Cucumbers. fabulous on a salad. great on a sandwich. I love to make a little bowl of sliced cukes with a tiny spoon each of sugar and salt and several good dashes of seasoned rice wine vinegar tossed with them. the cukes seem to sweat a little of their water to the mix, so after an hour or so the liquid covers them. This is a great quick side to bring to a potluck or put out at a BBQ. Great for kids and adults to snack on. Keep covered in the fridge for a great fresh pickle. Cucumber spears are great for dipping in herb dip or hummus.
Carrots. Crunchy snack. great in a stir fry. Grated carrots are a standard addition to salads and tuna sandwiches and veggie wraps in our kitchen. Ditch those lathed "baby carrots" Take a few minutes to scrub these. Heck, even peel them and chop them into sticks for convenient snacking. Just keep them sealed and don't let them get dehydrated. Carrots and ginger are friends if you feel like cooking or juicing . . .
Sugarsnap peas. Barry's pea recipe, up in the pesto section, is a great one. My brother even added some sliced peas to the burritos he made for us tonight, along with zucchini, summer squash, mushrooms, and our first little eggplants. Delicious. I'm sure no one is having trouble going through the little pint of peas in the share :) This is probably the last week for them. Peas are fading, even faster than usual in this heat. The short, early varieties got untrellised, mowed and turned under yesterday, in fact. Today, our main crop of cucumbers took their place. The green beans are flowering and seem to making it through the leafhopper invasion. Perhaps those are our next leguminous veggie to be in the box. Seeds of soybeans, dry beans, and shelling beans went in the ground today. Pole beans should be in tomorrow. Really, get out the grass skirt, castanets, whatever it takes. We need you all rain dancing!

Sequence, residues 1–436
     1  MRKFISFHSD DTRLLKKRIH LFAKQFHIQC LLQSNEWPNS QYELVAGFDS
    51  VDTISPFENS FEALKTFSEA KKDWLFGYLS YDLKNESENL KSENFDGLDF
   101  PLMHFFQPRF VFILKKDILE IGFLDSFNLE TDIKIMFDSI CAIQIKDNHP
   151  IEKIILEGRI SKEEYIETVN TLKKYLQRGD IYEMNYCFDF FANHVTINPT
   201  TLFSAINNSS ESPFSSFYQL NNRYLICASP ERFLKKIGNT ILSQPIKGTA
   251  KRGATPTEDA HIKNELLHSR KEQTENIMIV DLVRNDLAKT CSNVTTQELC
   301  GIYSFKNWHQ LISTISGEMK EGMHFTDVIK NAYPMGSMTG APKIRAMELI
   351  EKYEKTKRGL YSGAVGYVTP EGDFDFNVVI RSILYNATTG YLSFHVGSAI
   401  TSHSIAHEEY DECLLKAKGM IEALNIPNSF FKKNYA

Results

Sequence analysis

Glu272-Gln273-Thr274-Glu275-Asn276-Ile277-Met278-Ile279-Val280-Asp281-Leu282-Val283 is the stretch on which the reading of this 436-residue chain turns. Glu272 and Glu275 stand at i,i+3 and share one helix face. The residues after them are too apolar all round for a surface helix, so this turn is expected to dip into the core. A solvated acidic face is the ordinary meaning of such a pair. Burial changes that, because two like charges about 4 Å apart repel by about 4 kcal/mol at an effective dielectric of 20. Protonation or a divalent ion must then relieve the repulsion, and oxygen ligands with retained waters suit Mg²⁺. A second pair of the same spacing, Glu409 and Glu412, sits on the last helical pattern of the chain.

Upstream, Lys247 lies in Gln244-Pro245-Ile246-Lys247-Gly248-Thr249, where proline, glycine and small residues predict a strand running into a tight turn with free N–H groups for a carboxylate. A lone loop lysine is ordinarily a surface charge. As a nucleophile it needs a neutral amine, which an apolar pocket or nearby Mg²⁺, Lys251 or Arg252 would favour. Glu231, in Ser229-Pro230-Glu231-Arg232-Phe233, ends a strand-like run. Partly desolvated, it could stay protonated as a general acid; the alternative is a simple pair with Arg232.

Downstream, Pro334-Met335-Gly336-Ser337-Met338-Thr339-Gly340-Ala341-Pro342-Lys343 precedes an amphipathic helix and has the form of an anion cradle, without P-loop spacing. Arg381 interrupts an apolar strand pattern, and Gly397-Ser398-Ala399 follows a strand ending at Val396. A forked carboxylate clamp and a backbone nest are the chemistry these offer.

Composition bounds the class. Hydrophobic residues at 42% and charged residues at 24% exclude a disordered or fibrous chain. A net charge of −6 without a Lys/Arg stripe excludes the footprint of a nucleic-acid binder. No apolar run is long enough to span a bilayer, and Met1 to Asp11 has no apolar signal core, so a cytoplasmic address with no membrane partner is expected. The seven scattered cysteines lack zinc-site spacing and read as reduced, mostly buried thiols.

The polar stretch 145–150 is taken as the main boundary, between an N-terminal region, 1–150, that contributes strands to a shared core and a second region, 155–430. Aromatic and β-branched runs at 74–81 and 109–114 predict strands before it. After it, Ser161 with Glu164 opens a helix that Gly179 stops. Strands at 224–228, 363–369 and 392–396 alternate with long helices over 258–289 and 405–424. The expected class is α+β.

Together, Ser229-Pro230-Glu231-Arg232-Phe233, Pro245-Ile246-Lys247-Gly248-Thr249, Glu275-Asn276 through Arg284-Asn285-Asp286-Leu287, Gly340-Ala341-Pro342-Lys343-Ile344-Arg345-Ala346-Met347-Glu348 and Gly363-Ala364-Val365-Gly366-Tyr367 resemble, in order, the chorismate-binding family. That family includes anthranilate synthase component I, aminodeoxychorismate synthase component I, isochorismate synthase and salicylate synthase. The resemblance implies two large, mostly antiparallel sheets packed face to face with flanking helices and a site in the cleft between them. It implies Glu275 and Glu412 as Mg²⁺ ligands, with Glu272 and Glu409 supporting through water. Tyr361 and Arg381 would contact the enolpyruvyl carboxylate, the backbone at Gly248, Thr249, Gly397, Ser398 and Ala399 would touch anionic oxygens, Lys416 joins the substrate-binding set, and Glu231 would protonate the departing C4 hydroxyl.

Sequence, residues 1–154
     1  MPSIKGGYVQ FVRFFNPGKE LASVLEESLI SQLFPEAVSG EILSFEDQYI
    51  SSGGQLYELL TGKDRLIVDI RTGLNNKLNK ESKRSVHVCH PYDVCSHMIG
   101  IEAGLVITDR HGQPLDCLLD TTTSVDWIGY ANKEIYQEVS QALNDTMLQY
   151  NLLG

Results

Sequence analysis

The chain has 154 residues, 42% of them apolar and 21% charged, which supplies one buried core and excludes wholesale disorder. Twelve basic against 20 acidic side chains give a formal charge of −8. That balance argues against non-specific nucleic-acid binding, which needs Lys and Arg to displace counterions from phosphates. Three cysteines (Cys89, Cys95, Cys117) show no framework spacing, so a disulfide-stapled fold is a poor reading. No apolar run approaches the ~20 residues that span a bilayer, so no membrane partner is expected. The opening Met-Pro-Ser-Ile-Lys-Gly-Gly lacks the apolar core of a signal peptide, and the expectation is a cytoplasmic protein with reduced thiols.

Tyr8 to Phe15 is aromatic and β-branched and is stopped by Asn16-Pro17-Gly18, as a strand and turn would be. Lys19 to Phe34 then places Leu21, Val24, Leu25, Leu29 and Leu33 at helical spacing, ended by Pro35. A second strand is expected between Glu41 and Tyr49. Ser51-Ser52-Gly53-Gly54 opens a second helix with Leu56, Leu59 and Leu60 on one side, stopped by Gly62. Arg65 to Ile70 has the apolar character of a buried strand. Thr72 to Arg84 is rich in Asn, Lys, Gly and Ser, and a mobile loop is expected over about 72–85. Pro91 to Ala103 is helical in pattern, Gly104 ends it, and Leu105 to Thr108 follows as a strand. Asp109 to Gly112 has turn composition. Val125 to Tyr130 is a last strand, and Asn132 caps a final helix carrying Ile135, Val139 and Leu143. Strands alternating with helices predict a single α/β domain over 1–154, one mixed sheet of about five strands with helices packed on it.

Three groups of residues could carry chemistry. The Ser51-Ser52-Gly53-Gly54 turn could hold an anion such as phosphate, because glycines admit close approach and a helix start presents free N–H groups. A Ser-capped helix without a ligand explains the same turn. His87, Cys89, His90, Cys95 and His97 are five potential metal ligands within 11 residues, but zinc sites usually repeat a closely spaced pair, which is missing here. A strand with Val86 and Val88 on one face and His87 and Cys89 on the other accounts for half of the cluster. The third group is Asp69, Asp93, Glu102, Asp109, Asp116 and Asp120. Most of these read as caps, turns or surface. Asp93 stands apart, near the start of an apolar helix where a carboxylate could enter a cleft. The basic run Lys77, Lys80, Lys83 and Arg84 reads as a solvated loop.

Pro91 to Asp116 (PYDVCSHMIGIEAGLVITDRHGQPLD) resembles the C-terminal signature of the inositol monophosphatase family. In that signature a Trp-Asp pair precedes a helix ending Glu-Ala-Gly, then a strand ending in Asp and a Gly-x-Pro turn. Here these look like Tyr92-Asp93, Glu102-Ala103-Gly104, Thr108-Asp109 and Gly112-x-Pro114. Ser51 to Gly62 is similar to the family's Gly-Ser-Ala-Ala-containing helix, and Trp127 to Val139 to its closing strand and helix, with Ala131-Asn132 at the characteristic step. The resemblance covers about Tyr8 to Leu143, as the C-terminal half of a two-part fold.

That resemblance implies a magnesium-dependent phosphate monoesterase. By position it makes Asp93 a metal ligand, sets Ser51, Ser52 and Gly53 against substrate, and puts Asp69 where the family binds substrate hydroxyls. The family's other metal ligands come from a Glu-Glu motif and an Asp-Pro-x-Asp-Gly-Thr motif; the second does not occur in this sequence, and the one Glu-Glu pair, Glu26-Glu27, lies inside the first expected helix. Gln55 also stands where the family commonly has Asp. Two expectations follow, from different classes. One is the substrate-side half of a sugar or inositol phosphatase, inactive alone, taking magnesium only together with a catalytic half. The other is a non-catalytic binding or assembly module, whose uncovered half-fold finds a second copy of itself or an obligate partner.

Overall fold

Lettuce. We hope you are getting to expand your horizons of lettuce varieties through this program. Isn't biodiversity awesome?
Beets. Roast em and put em on that lettuce. beet and avocado is another nice combo for a cold salad. If you're AC is making your kitchen arctic, perhaps you may be inspired to roast a meat with some carrots, new potatoes, beets, and pearl onions in the pan. Maybe in a foil packet on the grill?
I could be forgetting something. The heat has all but melted my brain. A kind customer stopped by the other day with eleven dollars, since I had given her the amount she was to be charged instead of her change at the stand. Good natured people in our community, I say! Please let me know if you are having a hard time finding a good way to eat any items in the share. I consider lunchtime our test kitchen time. Also, there have been two incidents I know of in which an item from the share was missing. We are not a mechanized assembly line, merely humans trying to make sure we have put each item in each box. It may be a good idea to root around in the box you grab, comparing it to the display share. If you find something missing, we probably can give it to you from the stand. Thank you again for returning your boxes! If you aren't sure how to break them down without ripping them, just leave them whole and ask me at the stand.
Thank you for your patience everyone!
Christy and Chris at White Barn Farm
What a good season so far. We could use a good rain soaking, but the air is beautiful!